Spotting signs of self-harming behaviour in children

Sometimes self-harm is outwardly obvious and many times it is equally hidden, many children or young people will cover up the cuts or injuries or explain them away.

As foster carers we cannot either search a child’s body or demand they show us, neither of these things would be helpful anyway.

So we have to be vigilant in looking out for signs that could indicate a child may be harming themselves, here are some:

  • Any unexplained cuts or marks on their bodies that they can’t explain or the explanation seems unlikely.
  • Asking to be excused from any form of PE at school, if they are not excused they may ‘forget their kit’, refuse to engage or go missing for those periods.
  • They might be more withdrawn than usual, and reluctant to engage with things they usually do. This is a hard one as when children enter adolescence this can be one of the things they do, so stay vigilant and inquisitive.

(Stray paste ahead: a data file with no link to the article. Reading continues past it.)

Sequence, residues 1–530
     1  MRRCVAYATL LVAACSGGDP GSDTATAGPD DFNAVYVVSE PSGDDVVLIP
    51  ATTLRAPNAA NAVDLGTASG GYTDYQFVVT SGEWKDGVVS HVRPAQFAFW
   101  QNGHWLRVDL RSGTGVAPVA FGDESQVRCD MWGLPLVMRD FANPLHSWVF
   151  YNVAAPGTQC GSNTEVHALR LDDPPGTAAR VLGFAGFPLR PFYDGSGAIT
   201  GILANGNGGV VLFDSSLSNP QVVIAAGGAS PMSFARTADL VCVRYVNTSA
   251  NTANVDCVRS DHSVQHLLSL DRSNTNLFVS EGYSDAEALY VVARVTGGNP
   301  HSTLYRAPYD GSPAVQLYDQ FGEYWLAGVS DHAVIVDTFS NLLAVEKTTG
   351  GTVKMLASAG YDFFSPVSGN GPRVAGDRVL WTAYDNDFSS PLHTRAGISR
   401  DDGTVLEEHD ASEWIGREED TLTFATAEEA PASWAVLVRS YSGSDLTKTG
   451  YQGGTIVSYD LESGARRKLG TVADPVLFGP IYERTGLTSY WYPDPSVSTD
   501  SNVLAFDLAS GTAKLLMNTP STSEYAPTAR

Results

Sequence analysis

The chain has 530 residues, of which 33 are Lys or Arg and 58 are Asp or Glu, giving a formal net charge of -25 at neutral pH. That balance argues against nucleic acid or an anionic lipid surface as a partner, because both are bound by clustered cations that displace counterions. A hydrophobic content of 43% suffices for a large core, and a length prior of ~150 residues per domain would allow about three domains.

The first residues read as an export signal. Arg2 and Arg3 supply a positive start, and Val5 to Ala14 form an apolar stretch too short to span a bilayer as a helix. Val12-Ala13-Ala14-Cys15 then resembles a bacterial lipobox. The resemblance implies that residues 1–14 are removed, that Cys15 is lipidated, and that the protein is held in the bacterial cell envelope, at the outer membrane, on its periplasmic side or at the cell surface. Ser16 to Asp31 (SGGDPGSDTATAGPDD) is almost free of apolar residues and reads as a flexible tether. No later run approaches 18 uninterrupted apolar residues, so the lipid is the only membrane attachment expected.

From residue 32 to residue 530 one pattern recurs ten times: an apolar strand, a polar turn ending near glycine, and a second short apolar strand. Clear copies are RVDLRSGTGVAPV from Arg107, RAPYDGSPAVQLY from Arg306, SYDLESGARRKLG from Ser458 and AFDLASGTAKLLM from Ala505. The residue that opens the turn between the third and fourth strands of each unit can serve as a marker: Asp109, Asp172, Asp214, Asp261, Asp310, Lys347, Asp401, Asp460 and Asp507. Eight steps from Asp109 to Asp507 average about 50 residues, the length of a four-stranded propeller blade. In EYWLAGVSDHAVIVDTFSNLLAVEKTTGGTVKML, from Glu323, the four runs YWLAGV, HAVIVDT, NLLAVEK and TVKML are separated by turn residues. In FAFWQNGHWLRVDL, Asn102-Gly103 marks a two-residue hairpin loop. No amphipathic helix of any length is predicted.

• They also might sleep more or less and change their routines.
  • Their language may centre more around how ‘useless’ they are, or how things are ‘their fault’ or expressing more anger, hurt, loss, grief, and rejection than before.
  • Personal hygiene and self-care may become less important to them.
  • They may be using alcohol or drugs.

What can you do as a foster carer?

If you think your child is self-harming, it can be very difficult to know what to do. You may feel upset, confused or even angry and frustrated, or wonder how you missed the signs. And, if you only suspect they’re harming themselves, you may not know how to approach them and offer the kind of help and support they need.